Dec. 25--A fight among possible gang members exploded into violence at Boynton Beach Mall while it was packed with Christmas Eve shoppers.
One man was left dead in a pool of blood on the mall floor. Customers dropped to the floor, hid in store closets and ran for cover to avoid stray bullets. Police chased the suspected shooter into a department store, where he barricaded himself and eventually was arrested.
Outside, off Congress Avenue, police moved thousands of cars out of mall parking lots and onto streets already gridlocked with holiday traffic.
The chaos broke out around 2:30 p.m. in front of J.C. Penney, police said.
Several young men -- possibly rival members of Boynton Beach-Lake Worth area gangs -- got into a fight.
One pulled a gun and shot another. The shooter ran across the mall, firing at two city police officers in pursuit. Some shoppers heard as many as five shots.
Police chased the shooter into Dillard's women's store, and finally the SWAT team swept through the store, found him and he surrendered at about 3:30 p.m.
In a scene reminiscent of the Columbine High School massacre, police led groups of mall shoppers and employees out of the department store with their arms in the air.
They were questioned and released.
No one else was injured. Police fired no shots throughout the incident.
"Our officers exercised great discretion by not returning fire," Boynton Beach Police Maj. Frank Briganti said.
Sinette White and Angelique Garcia, both 19 and from Lake Worth, were getting manicures when they heard a loud noise.
"It sounded like something fell, but then people started running into the nail salon and said someone got shot," White said. "Then we all started running out into the mall. We saw little children huddling in the corners with their mothers."
White and Garcia came across the victim and a crowd gathered, they said.
"It was bad. He was lying in a puddle of blood. They were trying to do CPR, but it didn't work. There were a lot of cops running around," White said.
After police ordered the crowd to disperse, White and Garcia heard more shots, possibly as many as five. They ran back to the nail salon, where they waited for an hour.
Bradley Limage, 19, a stock clerk at J.C. Penney, was on break and heading for the food court when he heard an argument between young men across from the store.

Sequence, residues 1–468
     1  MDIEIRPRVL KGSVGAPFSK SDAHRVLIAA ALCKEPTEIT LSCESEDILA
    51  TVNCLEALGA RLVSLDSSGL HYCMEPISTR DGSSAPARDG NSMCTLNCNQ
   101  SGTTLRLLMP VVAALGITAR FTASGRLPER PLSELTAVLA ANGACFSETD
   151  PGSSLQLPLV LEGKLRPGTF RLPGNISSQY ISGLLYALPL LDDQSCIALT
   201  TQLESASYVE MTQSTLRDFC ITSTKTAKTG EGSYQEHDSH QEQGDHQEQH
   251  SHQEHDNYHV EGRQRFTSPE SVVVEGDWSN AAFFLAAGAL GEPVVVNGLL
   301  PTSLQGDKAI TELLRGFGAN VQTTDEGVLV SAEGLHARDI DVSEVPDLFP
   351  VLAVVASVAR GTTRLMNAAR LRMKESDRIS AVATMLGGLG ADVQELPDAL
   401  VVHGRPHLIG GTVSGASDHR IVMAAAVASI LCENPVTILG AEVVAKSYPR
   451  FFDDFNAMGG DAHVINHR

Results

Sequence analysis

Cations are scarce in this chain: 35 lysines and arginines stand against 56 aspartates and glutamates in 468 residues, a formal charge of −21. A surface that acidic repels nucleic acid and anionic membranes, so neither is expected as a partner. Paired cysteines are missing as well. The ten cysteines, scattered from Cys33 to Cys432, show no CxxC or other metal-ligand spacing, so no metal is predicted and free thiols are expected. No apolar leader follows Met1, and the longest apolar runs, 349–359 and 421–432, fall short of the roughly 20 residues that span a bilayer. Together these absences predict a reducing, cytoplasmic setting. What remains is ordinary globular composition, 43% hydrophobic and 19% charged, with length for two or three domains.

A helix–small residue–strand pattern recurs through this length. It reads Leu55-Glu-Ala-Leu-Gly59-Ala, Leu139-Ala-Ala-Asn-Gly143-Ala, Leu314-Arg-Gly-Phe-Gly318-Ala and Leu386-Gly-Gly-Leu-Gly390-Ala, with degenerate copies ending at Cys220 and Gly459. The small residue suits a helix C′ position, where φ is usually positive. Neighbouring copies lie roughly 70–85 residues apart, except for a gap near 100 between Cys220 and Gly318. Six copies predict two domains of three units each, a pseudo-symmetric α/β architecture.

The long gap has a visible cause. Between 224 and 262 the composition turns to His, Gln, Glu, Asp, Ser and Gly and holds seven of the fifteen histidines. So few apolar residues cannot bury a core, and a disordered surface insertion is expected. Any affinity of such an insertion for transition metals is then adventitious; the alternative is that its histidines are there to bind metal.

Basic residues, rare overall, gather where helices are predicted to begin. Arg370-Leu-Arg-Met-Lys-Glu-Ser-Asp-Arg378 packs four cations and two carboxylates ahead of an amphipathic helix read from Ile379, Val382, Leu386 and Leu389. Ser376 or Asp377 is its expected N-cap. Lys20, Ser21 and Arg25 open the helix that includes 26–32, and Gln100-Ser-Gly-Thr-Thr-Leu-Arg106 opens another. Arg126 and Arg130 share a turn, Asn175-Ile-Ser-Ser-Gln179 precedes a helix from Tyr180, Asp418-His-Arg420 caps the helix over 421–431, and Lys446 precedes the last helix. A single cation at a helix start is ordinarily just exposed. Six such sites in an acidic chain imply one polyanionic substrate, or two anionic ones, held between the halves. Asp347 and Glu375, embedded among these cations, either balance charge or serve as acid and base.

"I heard a pop and then the guy was lying on the floor and shaking," Limage said. "Then ... people were screaming and crying, pushing to get out of the mall."
Other mall employees said the mall was busy, but not packed, on one of the busiest shopping days of the year.
Clutching bags filled with holiday gifts, Zapporah Miller, 17, of Delray Beach was ready to do more shopping when the gunman ran past her, she said.
"I was afraid. I ran into Champs and then they started closing it."
Miller said people inside were in tears. Some had witnessed the shooting.
She said an announcement over the mall's public-address system told everyone to leave.
"They didn't give any reason," Miller said.
As they were turned away from the mall, drivers expressed shock and disbelief.
"I can't believe it. I always shop here," said Melissa Mobley, 28, of Boynton Beach, who wanted to do some last-minute shopping. "The crime is out of hand. This is awful."
Sisters Tonya and Lynn Sweeney said they were shopping for Christmas presents when they saw a fight break out between two men.
"One pulled out a gun and just started shooting," said 16-year-old Tonya Sweeney whose mother works at Yankee Candle at the mall. "He started running and people said he ended up at Dillard's."
Others said they were inconvenienced.
"I'm [out of luck]," said Jimmy Adeola, 49, of Lake Worth. "I bought for everyone except my wife. What is this world coming to when you can't even be safe at the mall?"
Near Dillard's entrance, police tried to get curious people away from the building, while a lone officer crouched motionless behind an SUV -- his gun drawn and pointed at one of the store's entrances. Others hid behind parked parks, school buses and a SWAT van. A Sheriff's Office helicopter buzzed overhead.
Susan Gerhard and her family were among the shoppers led out of Dillard's with their hands up. She said she was shopping with her daughter and granddaughter at Dillard's when they heard people shouting and running.
"We saw someone that looked like a security guard draw a gun and we just ran into a room," she said. "We knew there was something going on."
Gerhard and her family found a closet near the north entrance of the department store, where employees were having a Christmas lunch. The eight barricaded themselves in the room until the SWAT team swarmed the store.
"It was terrifying," Gerhard's daughter, Jennifer Scott, said.
Scott said they heard people shouting, stands being knocked over and doors being slammed.
When the SWAT team got to their room, they ordered them to walk outside slowly with their hands up.
"It scared the poor kid out of her mind," Gerhard said of her 14-year-old granddaughter.
Silvana Soleri, who said she worked at a store, but wouldn't say which one, said she felt an incident such as the shooting was bound to happen.
"You just got the feeling," she said. "There's a lot of young men standing around and loitering. Maybe now because of the incident we'll get more policing."
By 5 p.m. most of the parking lot was empty, but patrol cars still guarded each of the mall's entrances.
Staff Researcher Jeremy Milarsky contributed to this report.
Copyright (c) 2006, South Florida Sun-Sentinel Distributed by McClatchy-Tribune Business News.